Actor Lena Waithe attends the European Premiere of Ready Player One in London. (Reuters)
Actor Lena Waithe attends the European Premiere of Ready Player One in London. (Reuters)

Lena Waithe feels it's her duty to reflect her beliefs through her style #PrideMonth

By Bang Showbiz Time of article published Jun 12, 2019

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Lena Waithe feels a "duty" to wear something that "reflects" her beliefs on the red carpet because there are so many "eyeballs" on her.

The 35-year-old screenwriter, actress and producer chooses to work closely with designers who use fashion as a "weapon", highlighting the rainbow cape - which was a symbol of lesbian, gay, bisexual and transgender (LGBT) pride and LGBT social movements - she wore to last year's Met Gala.

Lena Waithe attends The Metropolitan Museum of Art's Costume Institute benefit gala. (Photo by Charles Sykes/Invision/AP)

She said: "On the red carpet, there's so much press and so many eyeballs on you that I feel like it's my duty to wear something that reflects my beliefs. 

"It's a reflection of the designers' beliefs too: for last year's Met Gala, I wore a Carolina Herrera rainbow cape by Wes Gordon and this year I wore Pyer Moss. Those designers know how to use fashion as a weapon."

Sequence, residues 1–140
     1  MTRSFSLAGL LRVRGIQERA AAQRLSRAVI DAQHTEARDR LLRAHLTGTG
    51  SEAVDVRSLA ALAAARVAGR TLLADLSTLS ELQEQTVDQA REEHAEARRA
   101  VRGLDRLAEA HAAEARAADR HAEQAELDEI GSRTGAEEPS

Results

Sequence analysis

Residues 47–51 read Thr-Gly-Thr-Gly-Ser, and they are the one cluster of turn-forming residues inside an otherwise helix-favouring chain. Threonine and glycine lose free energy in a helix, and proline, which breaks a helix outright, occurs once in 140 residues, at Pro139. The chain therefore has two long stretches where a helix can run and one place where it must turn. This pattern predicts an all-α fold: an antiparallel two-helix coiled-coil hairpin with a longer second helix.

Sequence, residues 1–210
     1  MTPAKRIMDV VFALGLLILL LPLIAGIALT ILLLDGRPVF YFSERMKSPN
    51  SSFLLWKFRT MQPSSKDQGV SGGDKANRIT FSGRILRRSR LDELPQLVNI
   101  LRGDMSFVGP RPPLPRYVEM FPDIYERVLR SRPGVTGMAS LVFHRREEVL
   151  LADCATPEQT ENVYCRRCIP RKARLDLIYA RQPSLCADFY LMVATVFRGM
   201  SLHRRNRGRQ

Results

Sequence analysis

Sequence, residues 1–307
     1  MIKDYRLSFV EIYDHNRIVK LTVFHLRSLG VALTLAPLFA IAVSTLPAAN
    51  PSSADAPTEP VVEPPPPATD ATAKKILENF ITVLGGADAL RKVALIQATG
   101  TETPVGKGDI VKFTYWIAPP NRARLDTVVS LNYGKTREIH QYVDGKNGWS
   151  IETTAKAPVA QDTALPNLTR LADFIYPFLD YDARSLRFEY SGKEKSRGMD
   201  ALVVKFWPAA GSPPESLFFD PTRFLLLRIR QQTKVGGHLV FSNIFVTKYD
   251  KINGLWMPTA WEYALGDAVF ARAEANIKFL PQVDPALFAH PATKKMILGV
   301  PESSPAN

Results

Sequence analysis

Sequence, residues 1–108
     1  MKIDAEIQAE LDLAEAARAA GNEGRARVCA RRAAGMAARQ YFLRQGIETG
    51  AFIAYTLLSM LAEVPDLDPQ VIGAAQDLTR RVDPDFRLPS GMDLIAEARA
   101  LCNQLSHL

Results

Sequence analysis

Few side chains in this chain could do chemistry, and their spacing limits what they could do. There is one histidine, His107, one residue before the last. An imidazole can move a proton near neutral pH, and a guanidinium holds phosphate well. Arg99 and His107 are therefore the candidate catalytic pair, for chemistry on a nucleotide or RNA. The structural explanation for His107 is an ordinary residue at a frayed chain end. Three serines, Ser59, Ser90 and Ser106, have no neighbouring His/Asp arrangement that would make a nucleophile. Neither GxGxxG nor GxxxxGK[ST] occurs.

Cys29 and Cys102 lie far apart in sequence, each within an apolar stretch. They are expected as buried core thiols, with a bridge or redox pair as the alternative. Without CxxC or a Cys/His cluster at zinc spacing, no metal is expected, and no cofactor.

And Lena loves that her style can be a "fashion and political" statement. 

Lena Waithe arrives at the 11th Annual Essence Black Women in Hollywood Awards Luncheon. (Photo by Jordan Strauss/Invision/AP)

She added: "I love that people are looking at what I wear, not just for the fashion statement but for the political statement as well. 

"I want to keep that up but also keep it organic, because if you try too hard it can fall flat. So, when it's a wonderful collaboration - like this one with Mercedes-Benz and Christopher Raeburn, which makes a statement about sustainability - I'm excited to do it."

The 'Master of None' star went on to admit that she is a firm believer of upcycling her garments to help the planet.

Lena Waithe at the 2017 BET Awards. (Reuters)

She told British Vogue: "I haven't touched a sewing machine since high school. It [upcycling] felt like the right choice because there are so many people who aren't financially able to buy more and more.

"Instead of always looking to consume, I think we should make more of what we already have. We all want to help the planet, too, and it's great to do that through fashion."

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